Join the 2016 Art+Feminism Wikipedia Edit-a-thon

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Art+Feminism Wikipedia Edit-a-thon, Amsterdam. Photo by Postmodemgrrrl, freely licensed under CC BY-SA 4.0.
We are excited to announce that the third annual Art+Feminism Wikipedia Edit-a-thon will take place on the weekend of March 5–6, 2016 at the Museum of Modern Art in New York and at least 125 other locations on all six inhabited contents.
Art+Feminism is an all-day event designed to generate coverage of women and the arts on Wikipedia and encourage female editorship. At our events we’ll have tutorials for beginner Wikipedians, ongoing editing support, reference materials; many events will have childcare and refreshments.
In New York, the edit-a-thon will launch with a conversation on the intersection of feminism and digital culture with writer Orit Gat, artist and activist Reina Gossett, and New York Times technology columnist Jenna Wortham, moderated by Fiona Romeo, MoMA’s Director of Digital Content and Strategy. Afternoon breakout groups will discuss related issues such as intellectual property, notability, and LGBTQ visibility on Wikipedia.
To prep for the edit-a-thon, we held a public Wikipedia workshop at the Guggenheim Museum on February 16. After a tour of the exhibition Photo-Poetics: An Anthology with curators Jennifer Blessing and Susan Thompson, we lead a training workshop on best practices for writing strong entries.
Not in New York? We are continuously expanding our reach across the globe. This year for the first time we will have events on all six inhabited continents. Additionally, Women in Red is hosting a month long virtual edit-a-thon, from March 1 to 31, allowing editors who can’t attend ‘in real life’ events to participate in the work. Node edit-a-thons are set to take place throughout March in over 20 countries at over 125 venues, like Ashesi University Brekuso, Accra; The Banff Center; Tate Britain, London; Los Angeles County Museum of Art; Museo Universitario Arte Contemporáneo, Mexico City; Yale University, New Haven; Archives Nationales, Paris; Philadelphia Museum of Art Library, Philadelphia; Art Gallery of Ontario, Toronto; and the National Museum of Women in the Arts, Washington, DC.
Last March, over 1,500 participants joined our second annual Wikipedia edit-a-thon at The Museum of Modern Art in New York and more than 75 satellite events around the world to create nearly 400 new pages and significantly improve 500 Wikipedia articles about female artists, feminist artistic movements, and feminist scholarship.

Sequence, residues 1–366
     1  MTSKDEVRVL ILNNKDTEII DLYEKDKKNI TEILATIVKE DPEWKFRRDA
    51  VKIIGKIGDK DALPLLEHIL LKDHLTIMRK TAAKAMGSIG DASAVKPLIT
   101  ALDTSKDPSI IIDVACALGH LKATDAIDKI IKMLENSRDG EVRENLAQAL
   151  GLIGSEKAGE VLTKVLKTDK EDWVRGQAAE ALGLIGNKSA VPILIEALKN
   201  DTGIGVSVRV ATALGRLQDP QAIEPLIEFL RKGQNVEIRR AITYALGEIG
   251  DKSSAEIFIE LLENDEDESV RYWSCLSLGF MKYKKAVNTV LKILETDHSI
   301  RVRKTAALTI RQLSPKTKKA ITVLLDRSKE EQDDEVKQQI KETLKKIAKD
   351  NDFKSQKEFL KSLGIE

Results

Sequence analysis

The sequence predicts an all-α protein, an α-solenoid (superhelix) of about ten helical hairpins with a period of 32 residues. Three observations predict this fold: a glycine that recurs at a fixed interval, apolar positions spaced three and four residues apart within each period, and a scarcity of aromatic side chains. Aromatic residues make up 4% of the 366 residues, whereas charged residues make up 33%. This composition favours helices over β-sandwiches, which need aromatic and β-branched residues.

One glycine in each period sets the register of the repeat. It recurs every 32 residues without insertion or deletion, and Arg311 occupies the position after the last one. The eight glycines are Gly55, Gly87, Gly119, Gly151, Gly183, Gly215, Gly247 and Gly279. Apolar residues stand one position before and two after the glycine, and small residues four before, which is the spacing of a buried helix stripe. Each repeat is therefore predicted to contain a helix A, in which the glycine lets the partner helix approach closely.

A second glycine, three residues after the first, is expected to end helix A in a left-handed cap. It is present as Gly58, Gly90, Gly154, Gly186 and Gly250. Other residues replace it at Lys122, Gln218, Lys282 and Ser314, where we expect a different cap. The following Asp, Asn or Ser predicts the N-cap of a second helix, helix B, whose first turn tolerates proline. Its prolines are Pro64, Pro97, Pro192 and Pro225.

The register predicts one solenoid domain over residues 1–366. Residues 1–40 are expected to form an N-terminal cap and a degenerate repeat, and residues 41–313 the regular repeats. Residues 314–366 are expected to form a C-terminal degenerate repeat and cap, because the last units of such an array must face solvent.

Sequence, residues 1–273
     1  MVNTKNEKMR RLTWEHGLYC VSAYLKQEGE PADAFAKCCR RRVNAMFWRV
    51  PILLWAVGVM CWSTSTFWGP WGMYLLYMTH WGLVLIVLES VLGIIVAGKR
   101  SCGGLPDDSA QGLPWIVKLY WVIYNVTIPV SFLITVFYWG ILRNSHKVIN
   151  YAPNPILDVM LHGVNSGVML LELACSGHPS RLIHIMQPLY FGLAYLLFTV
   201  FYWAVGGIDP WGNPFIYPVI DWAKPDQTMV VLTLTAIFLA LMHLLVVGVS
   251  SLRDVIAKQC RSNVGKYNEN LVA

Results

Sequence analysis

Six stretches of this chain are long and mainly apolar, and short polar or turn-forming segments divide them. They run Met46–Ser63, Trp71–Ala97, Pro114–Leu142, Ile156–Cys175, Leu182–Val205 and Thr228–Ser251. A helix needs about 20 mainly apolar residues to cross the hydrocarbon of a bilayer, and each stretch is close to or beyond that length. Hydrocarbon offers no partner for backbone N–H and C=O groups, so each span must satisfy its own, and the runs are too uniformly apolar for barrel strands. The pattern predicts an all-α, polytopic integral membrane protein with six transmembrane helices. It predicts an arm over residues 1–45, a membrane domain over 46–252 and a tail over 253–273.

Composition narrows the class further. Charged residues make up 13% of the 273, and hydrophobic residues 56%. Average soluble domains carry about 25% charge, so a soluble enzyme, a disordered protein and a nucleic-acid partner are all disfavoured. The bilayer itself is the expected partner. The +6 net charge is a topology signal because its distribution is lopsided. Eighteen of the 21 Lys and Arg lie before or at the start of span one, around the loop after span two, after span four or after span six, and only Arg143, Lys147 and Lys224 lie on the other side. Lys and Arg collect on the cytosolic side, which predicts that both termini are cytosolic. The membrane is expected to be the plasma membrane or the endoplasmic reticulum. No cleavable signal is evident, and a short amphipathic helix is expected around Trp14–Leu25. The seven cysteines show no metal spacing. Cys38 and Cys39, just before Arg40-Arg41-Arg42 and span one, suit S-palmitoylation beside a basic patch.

Wikipedia’s gender trouble is well documented; in a 2011 survey, the Wikimedia Foundation found that less than 10% of its contributors identify as female. This lack of female participation has led to a lack of content about women and art in the world’s most popular online research tool. In support of our mission, the Wikimedia Foundation has granted the project $56,000, supplementing $25,000 in previous funding.
We are continually shifting and expanding to make this project more sustainable. Our goal in planning this year was to be conscious of the ways in which we can be more intersectional in our feminist practice. In order to be responsive and responsible to the people who attend our events we have written a Diversity Subcommittee into our grant and updated our training videos on YouTube to include more diverse examples. We are also super pleased to have Stacey Allan, Amber Berson and Richard Knipel on our team as regional organizers. We have an amazing opportunity with Wikipedia to alter the structural biases of past encyclopedic projects. We’re really proud that we’ve been able to inspire participants to continue this work through a number of Inspire Grants for the nodes, monthly meet-ups, and other activities.
The 2016 Art+Feminism Wikipedia Edit-a-thon is organized by Siân Evans/Art Libraries Society of North America’s Women and Art Special Interest Group, Jacqueline Mabey/failed projects, and Michael Mandiberg, in collaboration with the Professional Organization for Women in the Arts (POWarts) and The Museum of Modern Art, with support from Tekserve, Wikimedia NYC, and the Wikimedia Foundation.
Siân Evans, Librarian and Implementation Manager, Artstor, Art Libraries Society of North America’s Women and Art Special Interest Group
Jacqueline Mabey, Independent Curator and Art Worker, failed projects
Michael Mandiberg, Associate Professor, CUNY Graduate Center and College of Staten Island/City University of New York
The views expressed are not necessarily those of the Wikimedia Foundation or Wikipedia; responses and critical commentary are invited in the comments section below.

Archive notice: This is an archived post from, which operated under different editorial and content guidelines than Diff.

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